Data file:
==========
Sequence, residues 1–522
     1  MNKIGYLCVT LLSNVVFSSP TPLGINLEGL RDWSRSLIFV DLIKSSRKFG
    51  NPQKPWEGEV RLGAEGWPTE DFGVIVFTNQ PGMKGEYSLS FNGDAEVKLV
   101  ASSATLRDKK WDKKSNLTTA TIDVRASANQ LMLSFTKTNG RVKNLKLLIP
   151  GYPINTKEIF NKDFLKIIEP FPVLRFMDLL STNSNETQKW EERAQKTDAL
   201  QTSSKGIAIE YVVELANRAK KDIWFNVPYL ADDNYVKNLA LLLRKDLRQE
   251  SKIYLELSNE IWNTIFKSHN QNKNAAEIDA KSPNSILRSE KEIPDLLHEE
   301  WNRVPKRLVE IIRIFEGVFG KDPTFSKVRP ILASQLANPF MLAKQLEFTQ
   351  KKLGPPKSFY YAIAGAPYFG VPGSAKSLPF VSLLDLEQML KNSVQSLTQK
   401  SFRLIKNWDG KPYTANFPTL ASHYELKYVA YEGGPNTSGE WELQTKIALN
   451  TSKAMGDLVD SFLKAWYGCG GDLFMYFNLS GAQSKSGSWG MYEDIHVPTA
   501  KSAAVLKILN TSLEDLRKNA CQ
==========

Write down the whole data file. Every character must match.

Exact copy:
Sequence, residues 1–522
     1  MNKIGYLCVT LLSNVVFSSP TPLGINLEGL RDWSRSLIFV DLIKSSRKFG
    51  NPQKPWEGEV RLGAEGWPTE DFGVIVFTNQ PGMKGEYSLS FNGDAEVKLV
   101  ASSATLRDKK WDKKSNLTTA TIDVRASANQ LMLSFTKTNG RVKNLKLLIP
   151  GYPINTKEIF NKDFLKIIEP FPVLRFMDLL STNSNETQKW EERAQKTDAL
   201  QTSSKGIAIE YVVELANRAK KDIWFNVPYL ADDNYVKNLA LLLRKDLRQE
   251  SKIYLELSNE IWNTIFKSHN QNKNAAEIDA KSPNSILRSE KEIPDLLHEE
   301  WNRVPKRLVE IIRIFEGVFG KDPTFSKVRP ILASQLANPF MLAKQLEFTQ
   351  KKLGPPKSFY YAIAGAPYFG VPGSAKSLPF VSLLDLEQML KNSVQSLTQK
   401  SFRLIKNWDG KPYTANFPTL ASHYELKYVA YEGGPNTSGE WELQTKIALN
   451  TSKAMGDLVD SFLKAWYGCG GDLFMYFNLS GAQSKSGSWG MYEDIHVPTA
   501  KSAAVLKILN TSLEDLRKNA CQ